Project planning and regulation
MLIT leads long-term planning and decision-making for rail public transportation projects in major cities, with advising from the Council for Transportation Policy. The council has numerous subcommittees that make recommendations for major capital and maintenance projects for the Tokyo Metro as well as other major cities in response to questions from MLIT. According to interviewees, members of the council hail primarily from academia, rather than elected office.
Transit operators and municipalities participate in these subcommittees as “observers” and can propose individual projects from their own planning work to the council for consideration and approval by the ministry. Interviewees noted that the ministry and local stakeholders like Tokyo Metro and the municipalities are in regular communication. In 2007, the national government passed the Local Public Transport Revitalization and Rehabilitation Law, which gave municipalities more authority over various town planning and development tasks and pushed for greater integration of transportation plans into town development planning.
Public works projects in Japan are subject to the national Environmental Impact Assessment (EIA) Law. Public works projects are categorized into two classes to determine whether they must go through an EIA. Class 1 projects include major public works projects with significant impacts, including all national expressways, Shinkansen high-speed rail lines, nuclear power plants, and rail lines longer than 10 kilometers. Class 2 projects are reviewed on a case-by-case basis to determine whether they must complete an EIA. For transportation projects, MLIT screens projects using its own set of criteria, and the prefectural governor under whose jurisdiction the project lies also submits their opinion. The ministries are encouraged to take the opinions of the prefectural governor into consideration, given their familiarity with a particular project’s local context.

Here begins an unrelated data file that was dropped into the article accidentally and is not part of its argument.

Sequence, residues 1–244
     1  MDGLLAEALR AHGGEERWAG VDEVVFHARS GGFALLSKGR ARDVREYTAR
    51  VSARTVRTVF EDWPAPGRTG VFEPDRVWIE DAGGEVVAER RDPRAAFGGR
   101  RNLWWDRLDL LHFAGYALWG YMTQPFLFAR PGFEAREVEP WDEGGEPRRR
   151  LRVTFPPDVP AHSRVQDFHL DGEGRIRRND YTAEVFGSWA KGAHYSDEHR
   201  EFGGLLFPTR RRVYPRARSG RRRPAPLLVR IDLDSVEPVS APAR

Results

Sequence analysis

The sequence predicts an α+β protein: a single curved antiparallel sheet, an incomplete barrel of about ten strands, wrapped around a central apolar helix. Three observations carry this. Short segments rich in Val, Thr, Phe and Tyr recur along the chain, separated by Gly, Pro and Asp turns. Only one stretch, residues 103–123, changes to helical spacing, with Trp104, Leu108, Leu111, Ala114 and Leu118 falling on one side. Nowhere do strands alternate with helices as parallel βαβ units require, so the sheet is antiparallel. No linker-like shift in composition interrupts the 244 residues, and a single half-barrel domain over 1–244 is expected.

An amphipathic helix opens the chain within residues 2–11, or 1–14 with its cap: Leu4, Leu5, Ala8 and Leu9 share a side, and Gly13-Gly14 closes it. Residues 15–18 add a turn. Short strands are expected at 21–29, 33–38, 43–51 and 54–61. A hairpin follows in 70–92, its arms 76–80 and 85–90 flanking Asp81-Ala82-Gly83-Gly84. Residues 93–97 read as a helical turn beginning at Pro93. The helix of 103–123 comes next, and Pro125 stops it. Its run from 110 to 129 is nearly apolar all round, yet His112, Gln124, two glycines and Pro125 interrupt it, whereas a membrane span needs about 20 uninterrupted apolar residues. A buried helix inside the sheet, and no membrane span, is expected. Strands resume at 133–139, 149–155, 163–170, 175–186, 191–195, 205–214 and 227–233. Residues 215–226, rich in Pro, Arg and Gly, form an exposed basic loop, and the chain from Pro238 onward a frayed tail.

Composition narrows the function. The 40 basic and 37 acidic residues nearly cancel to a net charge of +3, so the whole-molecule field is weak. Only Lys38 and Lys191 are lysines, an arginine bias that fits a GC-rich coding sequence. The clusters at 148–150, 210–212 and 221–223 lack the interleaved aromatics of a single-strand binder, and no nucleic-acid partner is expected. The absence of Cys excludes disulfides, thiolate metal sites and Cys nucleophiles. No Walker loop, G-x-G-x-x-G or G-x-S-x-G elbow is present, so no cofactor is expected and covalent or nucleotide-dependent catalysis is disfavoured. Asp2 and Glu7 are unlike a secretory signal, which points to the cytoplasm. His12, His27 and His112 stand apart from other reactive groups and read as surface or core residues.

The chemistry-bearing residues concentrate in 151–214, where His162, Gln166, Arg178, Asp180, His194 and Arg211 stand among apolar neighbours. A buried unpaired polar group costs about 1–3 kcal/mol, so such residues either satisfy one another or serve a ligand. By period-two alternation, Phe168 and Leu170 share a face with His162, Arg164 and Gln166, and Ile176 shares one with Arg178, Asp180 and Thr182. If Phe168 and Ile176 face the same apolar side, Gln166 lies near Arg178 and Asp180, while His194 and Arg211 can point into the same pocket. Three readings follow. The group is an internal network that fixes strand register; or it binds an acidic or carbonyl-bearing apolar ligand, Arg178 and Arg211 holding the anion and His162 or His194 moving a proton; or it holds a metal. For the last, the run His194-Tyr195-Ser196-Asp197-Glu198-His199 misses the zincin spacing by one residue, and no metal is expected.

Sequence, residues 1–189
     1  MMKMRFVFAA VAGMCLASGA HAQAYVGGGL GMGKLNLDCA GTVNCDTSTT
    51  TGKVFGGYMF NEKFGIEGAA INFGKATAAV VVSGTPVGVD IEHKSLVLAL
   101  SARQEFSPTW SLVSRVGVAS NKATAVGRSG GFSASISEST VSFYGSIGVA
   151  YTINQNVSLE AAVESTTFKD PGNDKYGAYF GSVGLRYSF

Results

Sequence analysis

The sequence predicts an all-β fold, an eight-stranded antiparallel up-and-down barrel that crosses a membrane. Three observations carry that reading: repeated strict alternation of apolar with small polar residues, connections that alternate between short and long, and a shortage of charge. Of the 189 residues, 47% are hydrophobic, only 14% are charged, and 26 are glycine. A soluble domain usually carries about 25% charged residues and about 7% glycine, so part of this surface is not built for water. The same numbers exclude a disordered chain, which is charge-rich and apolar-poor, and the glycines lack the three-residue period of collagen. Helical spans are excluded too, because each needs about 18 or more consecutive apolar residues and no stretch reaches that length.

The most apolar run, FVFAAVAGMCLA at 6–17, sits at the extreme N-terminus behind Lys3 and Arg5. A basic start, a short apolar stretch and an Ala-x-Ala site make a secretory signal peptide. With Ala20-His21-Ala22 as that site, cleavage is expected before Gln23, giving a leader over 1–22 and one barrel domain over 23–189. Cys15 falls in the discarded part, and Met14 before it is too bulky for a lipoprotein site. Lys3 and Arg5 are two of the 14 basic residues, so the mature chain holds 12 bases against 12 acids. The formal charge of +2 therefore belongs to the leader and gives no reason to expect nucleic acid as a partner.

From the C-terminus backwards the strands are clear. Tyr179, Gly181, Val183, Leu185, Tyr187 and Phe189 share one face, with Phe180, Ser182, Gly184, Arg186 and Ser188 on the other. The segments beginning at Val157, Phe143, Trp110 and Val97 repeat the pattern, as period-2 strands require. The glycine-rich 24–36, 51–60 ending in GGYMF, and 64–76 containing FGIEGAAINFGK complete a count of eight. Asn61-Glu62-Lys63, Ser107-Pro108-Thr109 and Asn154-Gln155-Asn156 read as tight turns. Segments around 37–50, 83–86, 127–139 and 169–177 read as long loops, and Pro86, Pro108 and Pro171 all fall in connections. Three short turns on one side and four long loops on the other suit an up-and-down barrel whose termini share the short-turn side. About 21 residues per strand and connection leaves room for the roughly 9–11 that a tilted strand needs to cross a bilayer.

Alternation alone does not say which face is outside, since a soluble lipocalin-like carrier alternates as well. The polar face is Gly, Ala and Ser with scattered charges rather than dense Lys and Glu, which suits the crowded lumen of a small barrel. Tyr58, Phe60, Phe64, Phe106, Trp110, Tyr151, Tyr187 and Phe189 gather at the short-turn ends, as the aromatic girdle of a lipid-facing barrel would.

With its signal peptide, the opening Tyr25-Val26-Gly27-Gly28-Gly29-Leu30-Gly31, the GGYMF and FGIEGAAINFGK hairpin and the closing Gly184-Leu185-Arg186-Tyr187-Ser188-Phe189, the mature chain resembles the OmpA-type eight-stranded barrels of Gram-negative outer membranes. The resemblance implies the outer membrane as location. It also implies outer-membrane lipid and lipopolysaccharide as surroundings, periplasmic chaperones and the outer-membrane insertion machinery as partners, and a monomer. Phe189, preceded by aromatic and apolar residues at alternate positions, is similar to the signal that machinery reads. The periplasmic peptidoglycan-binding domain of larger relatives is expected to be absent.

If MLIT classifies a project as Class 1, the process involves preparing several documents and allowing for governmental and citizen comment. First, project sponsors develop a draft scoping phase document that details the method of impact evaluation to be used and decide what environmental factors will be assessed as part of the EIA. The public can submit comments for a one-month period. The project sponsor then summarizes and responds to comments and forwards them on to the municipal mayor, prefectural governor, and appropriate national ministry, who have 90 days to submit their respective opinions. After this period, the project sponsor takes all comments into account and finalizes the plan for the EIA.
Project sponsors then prepare a draft environmental impact statement (EIS), which goes out for a one-month public review. Summaries of and responses to public comments are then prepared and sent to the prefectural governor and municipal mayor, who have 120 days to submit their opinions. After this period, the project sponsor develops a revised EIS document taking the public, municipal, and prefectural opinions into consideration. This document is then sent to any “issuers of licenses” (i.e. the MLIT for transportation projects) as well as the Ministry of Environment for their input. Once these agencies submit their opinions, the project sponsor then completes the final EIS, which becomes available for public comment and review for one month. MLIT then approves the final EIS with any last changes.
During construction, project sponsors are required to monitor and conduct surveys of environmental conditions, then develop an Impact Mitigation Report that documents the implementation of the project, magnitude of impacts, and measures taken to mitigate impacts identified.
The MLIT also sets regulations for safety and technical standards for passenger trains. Two major fire incidents in 1968 and 1972 called attention to the need for fire safety provisions and led directly to the A-A Standard, which regulates combustibility in trains’ materials. Technical standards include provisions on guideway designs, electric facilities, intersections with roads, safety facilities, maintenance, rolling stock, and operations. Given Japan’s history of earthquakes, MLIT sets a series of robust seismic standards. Projects must also secure permits from local municipalities.